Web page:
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What You'll Get
Music is a force powerful enough to calm a baby, soothe a wild beast, or compel the two to dance with each other. Be overcome by this deal.
- $39 for one ticket to see Night Fever (up to a $78.75 value)
- Where: California Theatre of the Performing Arts
- Ticket values include all fees.
- Doors open one hour before showtime.<p>
Dates and Times
- Friday, May 3, at 8 p.m.
- Saturday, May 4, at 2 p.m.<p>
- Balcony (available for the May 3 performance only)
- Click here to view the seating chart.<p>
In 1997, the Bee Gees descended on Las Vegas for a single concert at the MGM Grand. It was called, appropriately enough, One Night Only. Fortunately for fans without a time machine, Night Fever recreates the thrill of that evening’s show, thanks to the considerable skills of three actor/musicians and a dazzling display of multimedia. Performers David Wright (Barry Gibb), Russell Davey (Robin Gibb), and Greg Wain (Maurice Gibb) groove through Bee Gees catalogue staples such as “Jive Talking,” “More Than A Woman,” “Stayin’ Alive,” and the eponymous “Night Fever,” as lights dazzle the crowd and sizeable screens hung above the stage display footage from the band’s storied history.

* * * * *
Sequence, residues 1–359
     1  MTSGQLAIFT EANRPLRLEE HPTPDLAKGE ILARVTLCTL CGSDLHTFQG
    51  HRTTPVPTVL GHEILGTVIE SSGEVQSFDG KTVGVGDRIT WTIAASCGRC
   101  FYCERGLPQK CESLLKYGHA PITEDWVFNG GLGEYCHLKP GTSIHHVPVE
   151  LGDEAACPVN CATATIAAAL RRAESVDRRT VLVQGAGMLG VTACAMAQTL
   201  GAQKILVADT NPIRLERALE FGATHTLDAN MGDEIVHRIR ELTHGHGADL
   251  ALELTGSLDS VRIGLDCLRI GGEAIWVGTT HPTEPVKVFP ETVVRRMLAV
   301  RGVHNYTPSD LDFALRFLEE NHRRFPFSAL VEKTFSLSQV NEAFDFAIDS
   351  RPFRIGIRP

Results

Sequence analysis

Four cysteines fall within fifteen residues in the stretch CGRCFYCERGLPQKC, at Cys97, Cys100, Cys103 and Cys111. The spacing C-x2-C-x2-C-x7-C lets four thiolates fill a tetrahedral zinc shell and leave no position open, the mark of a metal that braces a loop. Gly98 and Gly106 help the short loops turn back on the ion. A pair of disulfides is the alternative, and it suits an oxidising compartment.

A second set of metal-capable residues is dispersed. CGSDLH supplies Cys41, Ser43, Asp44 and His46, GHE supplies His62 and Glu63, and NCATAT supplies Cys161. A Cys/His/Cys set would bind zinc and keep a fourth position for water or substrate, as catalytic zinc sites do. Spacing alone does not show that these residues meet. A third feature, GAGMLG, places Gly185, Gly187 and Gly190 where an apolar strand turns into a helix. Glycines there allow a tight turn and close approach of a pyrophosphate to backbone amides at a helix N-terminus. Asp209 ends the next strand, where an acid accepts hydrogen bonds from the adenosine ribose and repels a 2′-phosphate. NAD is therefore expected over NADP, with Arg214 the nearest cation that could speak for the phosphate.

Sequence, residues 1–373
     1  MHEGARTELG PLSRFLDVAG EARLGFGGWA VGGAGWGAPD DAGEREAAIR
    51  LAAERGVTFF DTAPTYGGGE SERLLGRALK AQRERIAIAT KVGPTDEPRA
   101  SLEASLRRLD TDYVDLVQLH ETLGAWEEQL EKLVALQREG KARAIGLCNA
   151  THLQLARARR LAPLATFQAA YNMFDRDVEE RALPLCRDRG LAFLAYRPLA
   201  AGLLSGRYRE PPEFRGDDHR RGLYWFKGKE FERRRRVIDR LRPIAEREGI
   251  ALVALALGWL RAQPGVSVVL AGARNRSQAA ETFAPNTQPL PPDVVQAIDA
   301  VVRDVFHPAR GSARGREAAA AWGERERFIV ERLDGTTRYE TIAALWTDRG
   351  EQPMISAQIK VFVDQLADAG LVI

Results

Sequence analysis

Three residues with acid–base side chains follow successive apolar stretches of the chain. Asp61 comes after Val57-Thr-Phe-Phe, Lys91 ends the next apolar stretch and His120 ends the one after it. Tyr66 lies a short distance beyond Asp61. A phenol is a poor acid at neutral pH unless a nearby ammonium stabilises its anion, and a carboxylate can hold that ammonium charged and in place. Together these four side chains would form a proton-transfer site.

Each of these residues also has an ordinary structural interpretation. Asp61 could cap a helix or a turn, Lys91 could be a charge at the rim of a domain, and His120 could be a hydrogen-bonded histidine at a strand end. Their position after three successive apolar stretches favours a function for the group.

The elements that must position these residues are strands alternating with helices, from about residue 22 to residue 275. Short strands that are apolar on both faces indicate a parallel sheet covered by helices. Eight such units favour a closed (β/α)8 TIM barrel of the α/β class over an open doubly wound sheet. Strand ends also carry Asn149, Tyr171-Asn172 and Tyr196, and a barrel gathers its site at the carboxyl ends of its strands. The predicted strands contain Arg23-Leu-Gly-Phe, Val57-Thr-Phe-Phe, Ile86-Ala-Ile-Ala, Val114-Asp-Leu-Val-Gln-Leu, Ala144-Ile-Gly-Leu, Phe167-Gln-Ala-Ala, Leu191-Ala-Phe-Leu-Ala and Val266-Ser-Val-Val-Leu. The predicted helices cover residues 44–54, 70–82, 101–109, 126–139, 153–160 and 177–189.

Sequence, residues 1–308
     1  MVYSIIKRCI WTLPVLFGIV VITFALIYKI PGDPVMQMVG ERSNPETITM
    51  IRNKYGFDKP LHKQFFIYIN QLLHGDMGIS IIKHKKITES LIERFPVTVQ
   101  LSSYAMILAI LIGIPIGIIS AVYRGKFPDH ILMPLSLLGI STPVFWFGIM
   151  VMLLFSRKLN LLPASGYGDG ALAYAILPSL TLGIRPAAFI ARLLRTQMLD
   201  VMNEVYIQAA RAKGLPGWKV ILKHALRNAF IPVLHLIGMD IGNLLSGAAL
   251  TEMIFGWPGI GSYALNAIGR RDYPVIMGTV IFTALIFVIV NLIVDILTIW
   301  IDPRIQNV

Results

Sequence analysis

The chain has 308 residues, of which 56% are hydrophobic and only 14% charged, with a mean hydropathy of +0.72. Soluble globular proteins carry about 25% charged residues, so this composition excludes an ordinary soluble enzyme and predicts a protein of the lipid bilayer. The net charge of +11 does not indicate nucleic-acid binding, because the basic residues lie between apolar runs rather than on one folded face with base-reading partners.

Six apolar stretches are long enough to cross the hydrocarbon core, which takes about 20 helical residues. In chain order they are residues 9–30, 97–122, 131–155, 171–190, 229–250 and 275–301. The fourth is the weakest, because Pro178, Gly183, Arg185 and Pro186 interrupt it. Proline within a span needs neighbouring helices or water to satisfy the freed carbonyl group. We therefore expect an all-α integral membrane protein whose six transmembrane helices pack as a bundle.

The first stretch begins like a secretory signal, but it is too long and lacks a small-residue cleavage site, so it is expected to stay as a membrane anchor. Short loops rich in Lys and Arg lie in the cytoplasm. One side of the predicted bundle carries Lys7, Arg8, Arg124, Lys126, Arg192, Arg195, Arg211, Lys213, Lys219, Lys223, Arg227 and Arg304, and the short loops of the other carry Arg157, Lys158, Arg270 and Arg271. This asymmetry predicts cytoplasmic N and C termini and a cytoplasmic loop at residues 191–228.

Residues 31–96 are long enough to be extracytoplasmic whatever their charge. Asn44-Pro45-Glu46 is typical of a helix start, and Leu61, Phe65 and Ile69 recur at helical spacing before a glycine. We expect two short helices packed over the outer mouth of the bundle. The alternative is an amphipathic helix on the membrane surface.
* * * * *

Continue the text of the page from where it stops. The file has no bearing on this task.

The Fine Print
Promotional value expires May 6, 2013. Limit 8 per person. Valid only for option purchased. Redeem on day of event for a ticket at venue . Must show valid ID matching name on voucher at California Theatre of the Performing Arts. Refundable only on day of purchase. Must purchase together to sit together. Discount reflects Ticketmaster's current ticket prices-price may differ on day of the event. Doors open 1 hour before showtime. For ADA seating, call box office promptly upon receipt of voucher - availability is limited. Merchant is solely responsible to purchasers for the care and quality of the advertised goods and services.
About California Theatre of the Performing Arts
A former vaudeville performance space and movie palace built in 1928, the California Theatre of the Performing Arts hearkens back to a bygone era with its majestic Wurlitzer organ, which is played during silent-film programs, and a time portal linked to the childhood home of Alexander Pantages. The theater’s deep-red stage curtains and ornate, vaulted ceilings also steep the senses in a vintage ambiance. Thanks to this comforting nostalgia, as well as the heartfelt scenes that unfold onstage, the space seems much cozier than a 1,718-seat auditorium has any right to.